IANIS Hagi, who finally committed his long-term future to Rangers on Wednesday, has paid tribute to the Ibrox club for turning his career around and predicted “amazing things” will happen in the new season.

Hagi, the son of Romanian football great Gheorghe, moved to Glasgow from Belgian club Genk on loan back in January.

The gifted 21-year-old midfielder quickly endeared himself to supporters with important goals against Hibernian in the Ladbrokes Premiership and Braga in the Europa League last 32.

Rangers had the exclusive option to buy the player when he arrived in Scotland and this week secured his services for the next three years in a £3m deal.

Hagi, who previously played for Fiorentina in Italy and has won 10 caps for his national team, is delighted to have sorted out his future and is looking forward to the 2020/21 campaign.

He revealed that joining Rangers had helped to resurrect his career after a difficult spell in Belgium.

Speaking to Rangers TV, he said: “I didn’t end 2019 really good, so I wasn’t that happy coming into 2020, but having this experience with Rangers has just turned around really, really fast.

“I can say also, my career turned really fast in a positive way, so I have really enjoyed it a lot, especially the games we played in the Europa League – they were awesome – especially the comeback against Braga at home."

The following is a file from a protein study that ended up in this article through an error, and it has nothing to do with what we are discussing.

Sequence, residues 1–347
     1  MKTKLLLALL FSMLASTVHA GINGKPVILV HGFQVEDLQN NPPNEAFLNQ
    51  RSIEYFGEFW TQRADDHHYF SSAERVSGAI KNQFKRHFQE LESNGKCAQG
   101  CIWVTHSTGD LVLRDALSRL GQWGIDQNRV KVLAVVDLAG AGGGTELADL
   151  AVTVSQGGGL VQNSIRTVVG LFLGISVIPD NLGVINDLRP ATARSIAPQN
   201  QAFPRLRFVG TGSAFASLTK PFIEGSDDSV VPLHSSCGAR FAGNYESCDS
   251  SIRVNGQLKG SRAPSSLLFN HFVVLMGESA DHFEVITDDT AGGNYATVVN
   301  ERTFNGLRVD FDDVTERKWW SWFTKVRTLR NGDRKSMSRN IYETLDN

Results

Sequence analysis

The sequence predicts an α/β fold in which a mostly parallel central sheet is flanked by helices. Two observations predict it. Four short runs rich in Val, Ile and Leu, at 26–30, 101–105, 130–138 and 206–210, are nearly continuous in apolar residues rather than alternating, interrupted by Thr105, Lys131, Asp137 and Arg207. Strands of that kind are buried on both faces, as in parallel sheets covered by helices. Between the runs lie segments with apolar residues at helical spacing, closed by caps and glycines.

Hagi admitted he had enjoyed playing in front of Rangers fans and is looking forward to doing so again when coronavirus social distancing restrictions are eased.

"It is not just the support they give us, but also the pressure they put on us,” he said.

"Me personally, I just love it and it just gives me the adrenaline of just going day-in and day-out to train 100 per cent, come into the games 100 per cent and give everything I have on the field, so it has just taught me how you live for football.

“It is perfect. I just can’t wait to meet them again and just feel that heartbeat again when I score or when the team wins. I can’t wait for amazing things to happen this season.”